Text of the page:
Left Side Neglect Following Stroke – There is more to the picture

Dorothee Zuleger, MOT, OTR/L, ATRIC
Thursday, April 26th, 2018



 

 

 

Damage to one side of the brain can cause a lack of attention to the opposite side. Most common is an inattention or neglect to the left side of the body after an injury to the right side of the brain due to stroke or traumatic brain injury. The brain attends to the right side with both hemispheres but attends to the left side with only the right hemisphere. Therefore, when the right side of the brain sustains an injury, the ability to attend to the body and environment on the left may be diminished. This is commonly referred to as left side neglect, unilateral neglect or hemispatial neglect.

 

 

 

Studies report a wide range of patients – 13% to 80% (Barrett, 2006)  — who suffered a stroke in the right side of the brain and are subsequently affected by left side neglect.

Some examples of left side neglect include bumping into objects with the left side of the body, missing food that is placed on the left side of the plate, being unable to read a page in a magazine, or not responding to a person sitting to the left of the patient. This neglect can be frustrating to caregivers and loved ones. It is important to understand that the patient is not ignoring people or items on purpose; the inattention is a result of the damage to the brain. It may appear as if the patient is blind to the left side, but left side neglect is not a true visual deficit. The brain simply doesn’t have the ability to process information.

Left side neglect may go beyond visual inattention to the left and also include inattention to sounds and touch on the left-hand side. It can also present many safety issues. Patients may not realize their left arm is wedged between them and the wheelchair. A patient may not see or recognize oncoming traffic on the left side or place their extremity too close to a hot stove top, and then often not realizing the injury until later.  Professional treatment by a skilled therapist can assist with safety concerns as well as addressing the actual deficits.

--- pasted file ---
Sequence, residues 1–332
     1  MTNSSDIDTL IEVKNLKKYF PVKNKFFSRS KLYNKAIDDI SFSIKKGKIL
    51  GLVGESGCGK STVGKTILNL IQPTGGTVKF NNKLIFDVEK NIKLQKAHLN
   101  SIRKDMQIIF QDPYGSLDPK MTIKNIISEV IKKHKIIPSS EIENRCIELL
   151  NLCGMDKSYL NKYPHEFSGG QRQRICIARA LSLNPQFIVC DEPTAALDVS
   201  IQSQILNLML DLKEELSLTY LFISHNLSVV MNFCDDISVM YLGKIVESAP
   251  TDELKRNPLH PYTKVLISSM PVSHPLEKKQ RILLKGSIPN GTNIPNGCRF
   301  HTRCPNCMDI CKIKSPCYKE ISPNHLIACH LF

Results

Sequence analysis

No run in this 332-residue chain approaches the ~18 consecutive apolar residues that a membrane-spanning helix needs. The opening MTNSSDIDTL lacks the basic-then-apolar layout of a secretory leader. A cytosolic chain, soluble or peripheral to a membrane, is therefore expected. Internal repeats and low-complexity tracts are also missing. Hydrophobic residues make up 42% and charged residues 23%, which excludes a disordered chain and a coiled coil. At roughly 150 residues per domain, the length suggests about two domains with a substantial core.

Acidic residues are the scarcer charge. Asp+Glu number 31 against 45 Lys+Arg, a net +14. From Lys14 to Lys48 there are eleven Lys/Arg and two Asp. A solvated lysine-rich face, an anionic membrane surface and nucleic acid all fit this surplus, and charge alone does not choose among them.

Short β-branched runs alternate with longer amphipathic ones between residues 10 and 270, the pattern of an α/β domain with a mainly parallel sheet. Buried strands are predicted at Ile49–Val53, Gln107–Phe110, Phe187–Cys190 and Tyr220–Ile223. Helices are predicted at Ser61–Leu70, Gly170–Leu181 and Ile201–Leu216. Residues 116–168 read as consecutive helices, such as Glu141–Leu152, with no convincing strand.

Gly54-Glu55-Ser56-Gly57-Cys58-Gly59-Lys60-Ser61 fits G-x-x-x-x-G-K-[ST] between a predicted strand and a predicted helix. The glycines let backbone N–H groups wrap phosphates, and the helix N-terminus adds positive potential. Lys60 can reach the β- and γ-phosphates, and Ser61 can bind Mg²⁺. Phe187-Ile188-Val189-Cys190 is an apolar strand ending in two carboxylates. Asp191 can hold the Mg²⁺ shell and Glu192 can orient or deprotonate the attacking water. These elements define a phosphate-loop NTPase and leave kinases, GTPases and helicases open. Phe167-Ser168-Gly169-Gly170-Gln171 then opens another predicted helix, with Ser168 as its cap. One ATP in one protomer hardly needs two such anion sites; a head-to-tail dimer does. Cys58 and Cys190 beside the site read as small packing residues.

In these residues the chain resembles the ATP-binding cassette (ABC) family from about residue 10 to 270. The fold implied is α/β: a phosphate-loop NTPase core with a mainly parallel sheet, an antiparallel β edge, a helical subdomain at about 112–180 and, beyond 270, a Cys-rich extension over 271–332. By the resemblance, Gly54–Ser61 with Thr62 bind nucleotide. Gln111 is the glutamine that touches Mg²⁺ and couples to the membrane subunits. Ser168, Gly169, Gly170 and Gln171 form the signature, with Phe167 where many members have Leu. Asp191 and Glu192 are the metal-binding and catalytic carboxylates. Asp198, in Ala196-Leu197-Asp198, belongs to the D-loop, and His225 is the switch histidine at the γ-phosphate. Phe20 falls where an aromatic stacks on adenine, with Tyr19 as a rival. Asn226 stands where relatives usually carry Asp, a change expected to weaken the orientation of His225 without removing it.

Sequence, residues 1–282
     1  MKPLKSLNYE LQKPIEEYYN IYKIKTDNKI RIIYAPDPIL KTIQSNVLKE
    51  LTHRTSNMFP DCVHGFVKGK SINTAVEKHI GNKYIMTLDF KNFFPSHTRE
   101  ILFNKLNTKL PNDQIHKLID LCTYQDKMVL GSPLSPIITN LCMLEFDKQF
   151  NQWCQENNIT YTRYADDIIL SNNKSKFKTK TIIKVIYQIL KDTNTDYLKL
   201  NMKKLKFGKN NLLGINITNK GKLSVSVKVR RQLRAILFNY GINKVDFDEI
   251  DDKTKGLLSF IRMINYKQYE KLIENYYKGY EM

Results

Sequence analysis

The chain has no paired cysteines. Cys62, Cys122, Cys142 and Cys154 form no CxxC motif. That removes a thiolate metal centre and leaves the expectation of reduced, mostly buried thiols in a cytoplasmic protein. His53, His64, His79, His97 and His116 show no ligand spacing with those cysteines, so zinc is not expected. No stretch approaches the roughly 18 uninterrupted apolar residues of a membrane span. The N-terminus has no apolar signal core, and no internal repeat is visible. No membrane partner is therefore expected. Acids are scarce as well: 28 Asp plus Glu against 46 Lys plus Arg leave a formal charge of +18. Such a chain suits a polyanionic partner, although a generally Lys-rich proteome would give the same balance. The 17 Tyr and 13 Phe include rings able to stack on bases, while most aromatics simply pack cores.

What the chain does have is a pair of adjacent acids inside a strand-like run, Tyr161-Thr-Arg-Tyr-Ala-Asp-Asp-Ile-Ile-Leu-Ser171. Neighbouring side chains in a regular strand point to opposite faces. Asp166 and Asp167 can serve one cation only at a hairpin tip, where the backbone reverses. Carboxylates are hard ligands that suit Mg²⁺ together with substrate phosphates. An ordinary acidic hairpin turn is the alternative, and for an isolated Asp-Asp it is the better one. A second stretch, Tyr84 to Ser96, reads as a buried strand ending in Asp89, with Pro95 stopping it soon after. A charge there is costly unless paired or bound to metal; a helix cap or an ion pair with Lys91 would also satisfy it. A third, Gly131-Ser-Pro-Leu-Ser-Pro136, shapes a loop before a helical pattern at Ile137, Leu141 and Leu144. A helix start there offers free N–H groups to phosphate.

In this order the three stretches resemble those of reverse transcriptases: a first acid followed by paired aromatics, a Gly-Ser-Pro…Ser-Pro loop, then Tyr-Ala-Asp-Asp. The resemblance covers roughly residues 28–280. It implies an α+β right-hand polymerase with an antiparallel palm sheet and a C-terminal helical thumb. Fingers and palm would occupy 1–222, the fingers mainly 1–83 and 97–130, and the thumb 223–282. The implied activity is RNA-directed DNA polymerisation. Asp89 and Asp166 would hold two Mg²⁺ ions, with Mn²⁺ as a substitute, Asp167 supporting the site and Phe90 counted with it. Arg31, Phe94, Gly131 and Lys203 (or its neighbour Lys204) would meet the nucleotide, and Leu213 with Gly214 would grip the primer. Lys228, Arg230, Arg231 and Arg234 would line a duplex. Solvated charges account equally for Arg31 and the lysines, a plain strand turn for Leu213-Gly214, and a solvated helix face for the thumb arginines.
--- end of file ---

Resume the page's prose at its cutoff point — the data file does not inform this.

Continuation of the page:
Proven Treatment Interventions

Evidence-based practice techniques often utilized by therapists are (Cicerone, 2011):

  • Eye patching and visual scanning tasks such as letter cancellation or scanning from and to an anchor point on the left-hand side (such as piece of red tape). This technique teaches patients to scan the entire visual field. Scanning skills can often be taught to caregivers and family members for carryover
  • Another treatment technique is limb activation. This technique focuses on activating and engaging the left extremity in the space that is neglected in order to activate the brain’s spatial and motor control centers.
  • Sensory stimulation is often used by clinicians through application of various textures to the limb or using devices as the SaeboStim Micro for electrical stimulation.
  • Prism glasses can help to pull items from the left into a more central visual space. Mental imagery and virtual reality are new promising treatment techniques as well.

 

Left side neglect can be mild, moderate or severe. Whether it is permanent or a temporary symptom, there are many specialized therapies that can address it.

Cognitive Rehabilitation Interventions for Neglect and Related Disorders: Moving from Bench to Bedside in Stroke Patients

Anna M. Barrett, Laurel J. Buxbaum, H. Branch Coslett, Emmeline Edwards,

Kenneth M. Heilman, Argye E. Hillis, William P. Milberg, and Ian H. Robertson

Journal of Cognitive Neuroscience 2006 18:7, 1223-1236

 

Evidence-Based Cognitive Rehabilitation: Updated Review of the Literature From 2003 Through 2008 Cicerone, Keith D. et al. Archives of Physical Medicine and Rehabilitation , Volume 92 , Issue 4 , 519 – 530 DOI: https://doi.org/10.1016/j.apmr.2010.11.015

https://www.sciencedirect.com/science/article/pii/S0003999310009500

 

About the Author

Dorothee Zuleger, MOT, OTR/L, ATRIC and founder of The Neuro Hub is a skilled occupational therapist in Central Florida. A graduate of the prestigious Adventist University of Health Sciences, Dorothee provides her passion and 7 years of experience in neurological rehabilitation through a client-centered, evidence-based treatment approach. Dorothee is certified by the National Board for Certification in Occupational Therapy, licensed by the Florida Department of Health, and is a certified Neuro-IFRAH®, Saebo, Aquatics Therapy and Rehabilitation Institute, and BBTW clinician.

 

 

 



Comments are closed.